How NOT to Summon a Demon Lord Review

One consistent truth among isekai titles is that summoning something as powerful as a Demon Lord is never a good idea. Nevertheless, that’s what Rem Galleu and Shera L. Greenwood set out to do in this latest fantasy adventure – How NOT to Summon a Demon Lord. Is it a worthwhile watch? Let’s find out!

Takuma Sakamoto spends his days playing MMORPG Cross Reverie where he is the Demon King known as Diablo. One day our hero is transported to a fantasy world in the body of his character Diablo. There he meets Rem and Shera, who both claim to have summoned him as their slave, but unfortunately, their spell has failed somewhat. 

Although Diablo was successfully summoned, the Enslavement Ritual magic was bounced back by one of Diablo’s accessories. Instead of becoming a slave to Rem and Shera, they have instead become slaves to Diablo! To make matters worse, our hero has spent so long on his own that he has no idea how to talk to people. Filled with anxiety, he decides the only thing he can do to interact with those around him is to play the part of the fearsome Demon Lord he’s supposed to be!

As Diablo spends his days adventuring with Rem and Shera, he realises that the world he’s been summoned into isn’t all that dissimilar to Cross Reverie. Thanks to his knowledge of the game, he can keep himself and his companions out of grave danger – but just what drove them to summon a powerful being like him in the first place?

It turns out that Rem summoned Diablo to defeat the Demon King Krebskrem, whose soul has been sealed inside her body. Meanwhile, Shera just wishes for the power to live her life freely. Although Shera and Rem spend their days bickering about who Diablo truly belongs to, the two are stuck together until their enslavement is broken. Ultimately they become close friends, willing to risk their lives for one another. 

Speaking of enslavement, although this series could easily have made Rem and Shera Diablo’s slaves forever, it does seem there is a way to remove the spell. Even if they can’t accomplish that in the end, Diablo has no interest in treating the two as his processions. He’d much rather they lived as freely as possible. It’s certainly nice to see, given how tricky the subject matter of slavery can be and how often mishandled it is in anime.

How NOT to Summon a Demon Lord is an entertaining mix of fantasy adventures and comedy. The characters all have great personalities and it’s a joy to watch them interact with each other as well as team up to take down monsters for quests and so forth. The only real issue is that the anime is very fanservice-heavy and I think that will put off a lot of viewers.

It’s not just that the characters are quite often half (or completely) naked, but also that there are a lot of suggestive sexual scenes. It never goes as far as sex, but there are certainly instances where things cross the line from lighthearted fan service to outright smut. If someone who didn’t know otherwise walked in during these scenes you’d have a hard time arguing they weren’t borderline porn, that’s for sure!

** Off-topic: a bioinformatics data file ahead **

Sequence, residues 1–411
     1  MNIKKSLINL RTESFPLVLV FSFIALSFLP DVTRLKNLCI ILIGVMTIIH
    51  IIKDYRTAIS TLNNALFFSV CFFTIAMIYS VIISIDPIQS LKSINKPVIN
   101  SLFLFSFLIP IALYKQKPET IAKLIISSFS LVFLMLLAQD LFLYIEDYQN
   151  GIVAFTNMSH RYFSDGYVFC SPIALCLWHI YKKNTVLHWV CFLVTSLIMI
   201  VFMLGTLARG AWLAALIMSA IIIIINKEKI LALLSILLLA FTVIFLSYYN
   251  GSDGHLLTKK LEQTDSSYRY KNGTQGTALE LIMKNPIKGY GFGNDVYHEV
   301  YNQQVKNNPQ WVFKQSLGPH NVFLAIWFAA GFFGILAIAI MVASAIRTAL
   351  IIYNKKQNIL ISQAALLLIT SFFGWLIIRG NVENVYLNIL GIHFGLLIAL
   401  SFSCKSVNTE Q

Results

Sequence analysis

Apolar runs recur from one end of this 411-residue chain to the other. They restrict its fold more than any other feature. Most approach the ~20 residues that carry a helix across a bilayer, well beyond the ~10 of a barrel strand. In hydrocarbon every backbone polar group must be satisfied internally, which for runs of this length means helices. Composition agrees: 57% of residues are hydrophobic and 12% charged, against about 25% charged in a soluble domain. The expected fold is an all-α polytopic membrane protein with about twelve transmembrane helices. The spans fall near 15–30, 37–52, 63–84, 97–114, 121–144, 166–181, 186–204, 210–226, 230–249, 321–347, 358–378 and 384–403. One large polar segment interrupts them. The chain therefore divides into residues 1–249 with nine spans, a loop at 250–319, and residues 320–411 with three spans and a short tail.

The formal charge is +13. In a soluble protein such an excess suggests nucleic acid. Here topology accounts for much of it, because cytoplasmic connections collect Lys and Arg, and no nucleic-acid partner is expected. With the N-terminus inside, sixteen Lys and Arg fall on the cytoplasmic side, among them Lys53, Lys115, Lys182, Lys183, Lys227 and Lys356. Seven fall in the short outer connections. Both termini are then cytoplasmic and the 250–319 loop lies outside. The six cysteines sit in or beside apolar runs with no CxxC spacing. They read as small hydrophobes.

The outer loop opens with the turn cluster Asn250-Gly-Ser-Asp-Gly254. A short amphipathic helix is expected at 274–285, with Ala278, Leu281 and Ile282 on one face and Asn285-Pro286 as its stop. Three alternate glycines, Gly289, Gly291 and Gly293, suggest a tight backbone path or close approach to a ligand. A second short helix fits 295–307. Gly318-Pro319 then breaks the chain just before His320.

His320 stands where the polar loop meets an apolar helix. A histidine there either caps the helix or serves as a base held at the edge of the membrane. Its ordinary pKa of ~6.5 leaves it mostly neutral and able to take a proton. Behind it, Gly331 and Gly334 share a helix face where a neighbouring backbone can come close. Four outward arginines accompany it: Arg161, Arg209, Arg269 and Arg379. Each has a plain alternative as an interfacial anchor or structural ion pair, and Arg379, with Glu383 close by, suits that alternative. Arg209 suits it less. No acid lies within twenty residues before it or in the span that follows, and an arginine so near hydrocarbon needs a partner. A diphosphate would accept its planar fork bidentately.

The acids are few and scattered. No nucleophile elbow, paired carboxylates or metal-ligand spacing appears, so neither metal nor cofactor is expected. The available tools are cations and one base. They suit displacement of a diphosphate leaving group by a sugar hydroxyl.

Animation for the series has been handled by studio Ajia-do (Ascendance of a Bookworm, Izetta: The Last Witch) and they do a great job of bringing the world to life. The animation is fluid and easy on the eyes, while the rich palette of colours gives off a warm and inviting appearance. I would certainly love to see more of the anime in the future should it happen.

Music for the series has been handled by Yusuke Kato (Zombie Land Saga, Masamune-kun’s Revenge) and fits the series well. None of the tracks ended up being particularly memorable after viewing, but they work so well in the moment that I don’t think that’s a negative this time. The opening for the series is “DeCIDE” performed by the Japanese voice actors, while the ending is “Saiaku na Hi demo Anata ga Suki” by HoneyWorks. I found the opening to be forgettable, but as a fan of HoneyWorks, I couldn’t help but fall in love with the ending (despite the fact the animation was the female cast mostly naked).

Where voice actors are concerned both the Japanese and English cast do a good job. While I prefer Masaki Mizunaka (Yosuke Maezawa in Rascal Does Not Dream of Bunny Girl Senpai) in the role of Diablo, I found Eric Vale (Arthur Boyle in Fire Force, Tomura Shigaraki in My Hero Academia) handled the character well too. Both actors were able to successfully flip between Diablo’s anxious, softer inner self and the menacing Demon Lord persona he projects. 

This release comes to the UK thanks to Manga Entertainment and contains all 12 episodes of the series on Blu-ray or DVD. On-disc extras include episode commentaries for Episodes 1 and 11 as well as trailers and a clean opening video. Surprisingly there is no clean video for the ending, which is a shame, given I preferred that song and find it a strange omission. If you’re interested in reading the source material for the series, then J-Novel Club has been releasing the light novels in both print and digitally.

How NOT to Summon a Demon Lord is an entertaining isekai following what happens if you decide to summon a Demon Lord. Although the fan service will be too much for many, if you can look past that,  there is a lovable cast of characters and an interesting story waiting for you.

8 / 10


When she's not watching anime, reading manga or reviewing, Demelza can generally be found exploring some kind of fantasy world and chasing her dreams of being a hero.

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